Magazine article The Spectator

A Martyr's Memorial in Verse

Magazine article The Spectator

A Martyr's Memorial in Verse

Article excerpt

EDMUND CAMPION : MEMORY AND TRANSCRIPTION by Gerard Kilroy Ashgate, £45, pp. 261, ISBN 0754652556

On 1 December 1581 -- not a good day in English judicial history -- a Jesuit priest and poet of European renown was dragged on a hurdle through the London mud and savagely butchered at Tyburn.

Alongside him on the scaffold were two other priests who suffered the same death, but, now as then, their names and reputations are eclipsed by that of the man who for both persecuted Catholic England and its state oppressors most vividly embodied the religious struggles of the Elizabethan age. 'Yee thought perhaps, when learned Campion dyes, ' one eyewitness at Tyburn, the 'wit, minor poet, satirist and flaneur', Henry Walpole, taunted the authorities, His pen must cease, his sugred tounge be still.

But yow forget how lowd his death yt cryes, How farre beyond the sounde of tounge or quill.

Yow did not know how rare and great a good Yt was to write those precious guiftes in bloode.

No one could have borne more eloquent testimony to the truth of this than Walpole himself, who, spattered by Campion's blood and inspired by his example, also died a martyr, but it is a more oblique kind of witness that is the subject of Gerard Kilroy's Edmund Campion: Memory and Transcription. In the aftermath of Campion's death the government mobilised all its resources to blacken his reputation and block Walpole's poem, but, as Kilroy makes clear, they might hack off the ears of the man who printed it and even kill the author but what they could never completely erase were the memories of Campion that the written word preserved.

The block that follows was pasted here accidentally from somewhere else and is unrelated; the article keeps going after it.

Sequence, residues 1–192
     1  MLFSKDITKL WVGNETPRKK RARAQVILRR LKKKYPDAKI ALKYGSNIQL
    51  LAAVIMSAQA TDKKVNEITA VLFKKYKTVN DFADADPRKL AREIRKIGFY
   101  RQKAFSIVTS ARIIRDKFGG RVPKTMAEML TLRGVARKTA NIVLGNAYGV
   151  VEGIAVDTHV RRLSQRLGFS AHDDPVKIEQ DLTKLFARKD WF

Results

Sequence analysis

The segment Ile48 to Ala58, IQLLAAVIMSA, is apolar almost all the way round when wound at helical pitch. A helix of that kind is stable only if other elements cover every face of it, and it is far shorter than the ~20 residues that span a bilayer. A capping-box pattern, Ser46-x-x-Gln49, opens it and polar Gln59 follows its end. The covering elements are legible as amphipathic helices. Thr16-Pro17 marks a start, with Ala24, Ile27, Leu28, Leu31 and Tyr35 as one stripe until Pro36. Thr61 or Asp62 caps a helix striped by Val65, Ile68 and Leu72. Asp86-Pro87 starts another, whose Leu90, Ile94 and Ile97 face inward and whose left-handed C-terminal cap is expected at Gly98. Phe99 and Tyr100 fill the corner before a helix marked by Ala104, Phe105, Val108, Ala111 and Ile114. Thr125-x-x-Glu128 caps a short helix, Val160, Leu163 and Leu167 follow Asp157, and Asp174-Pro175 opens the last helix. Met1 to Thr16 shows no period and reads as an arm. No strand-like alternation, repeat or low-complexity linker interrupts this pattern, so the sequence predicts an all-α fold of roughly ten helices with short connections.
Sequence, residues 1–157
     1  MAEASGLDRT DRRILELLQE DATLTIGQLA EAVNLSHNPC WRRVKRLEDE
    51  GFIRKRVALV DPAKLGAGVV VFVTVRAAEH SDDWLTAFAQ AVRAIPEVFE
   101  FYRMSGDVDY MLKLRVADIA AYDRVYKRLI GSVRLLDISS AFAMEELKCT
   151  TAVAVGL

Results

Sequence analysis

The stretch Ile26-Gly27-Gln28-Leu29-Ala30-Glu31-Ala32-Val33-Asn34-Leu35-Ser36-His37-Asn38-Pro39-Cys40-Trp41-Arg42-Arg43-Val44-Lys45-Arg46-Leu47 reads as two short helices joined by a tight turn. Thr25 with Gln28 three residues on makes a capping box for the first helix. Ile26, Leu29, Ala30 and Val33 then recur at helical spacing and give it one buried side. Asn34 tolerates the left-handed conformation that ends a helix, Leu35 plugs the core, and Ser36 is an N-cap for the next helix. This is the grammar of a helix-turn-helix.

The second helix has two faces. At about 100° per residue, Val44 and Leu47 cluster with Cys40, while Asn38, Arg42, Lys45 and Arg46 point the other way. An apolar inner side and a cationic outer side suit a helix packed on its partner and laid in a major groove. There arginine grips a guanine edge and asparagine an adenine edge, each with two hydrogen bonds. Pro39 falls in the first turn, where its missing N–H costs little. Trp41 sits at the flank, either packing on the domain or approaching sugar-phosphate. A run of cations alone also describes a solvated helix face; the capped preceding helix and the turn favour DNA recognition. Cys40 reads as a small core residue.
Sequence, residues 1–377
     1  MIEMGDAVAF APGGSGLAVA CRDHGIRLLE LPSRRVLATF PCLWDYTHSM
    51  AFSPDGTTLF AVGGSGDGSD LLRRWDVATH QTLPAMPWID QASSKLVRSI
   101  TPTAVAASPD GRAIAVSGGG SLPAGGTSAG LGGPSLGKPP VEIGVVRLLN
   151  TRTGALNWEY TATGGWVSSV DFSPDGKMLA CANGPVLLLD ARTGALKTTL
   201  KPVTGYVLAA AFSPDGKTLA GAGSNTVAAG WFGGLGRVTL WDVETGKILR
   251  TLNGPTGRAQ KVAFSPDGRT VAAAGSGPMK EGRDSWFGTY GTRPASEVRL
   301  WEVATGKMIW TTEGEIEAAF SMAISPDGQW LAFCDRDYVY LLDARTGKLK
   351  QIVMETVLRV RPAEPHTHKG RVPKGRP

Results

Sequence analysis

And the emphasis here is on written, because when the resources of printing were as ruthlessly controlled and manipulated as they were, it was largely in manuscript that the testimonies of Walpole or the prison letters of other priests were preserved among a beleaguered Catholic community. There is no attempt in Kilroy's book to underestimate the success of government censorship, but his argument is that these manuscripts took on themselves a kind of 'relic' status, hidden and often encrypted memorials that are today as much as then the only available witness to a 'truth' that a national, Protestant mythology has suppressed.

'How differently the period looks if one recovers the voices of these silent witnesses, ' he writes:

the Tresham Papers, [buried within a wall until 1828, still a year, as Kilroy points out, before Catholic Emancipation], the Brudenell manuscript, Harington's transcription of Campion's poem, Harington's transcription of Walpole's poem, and Harington's autograph epigrams. …

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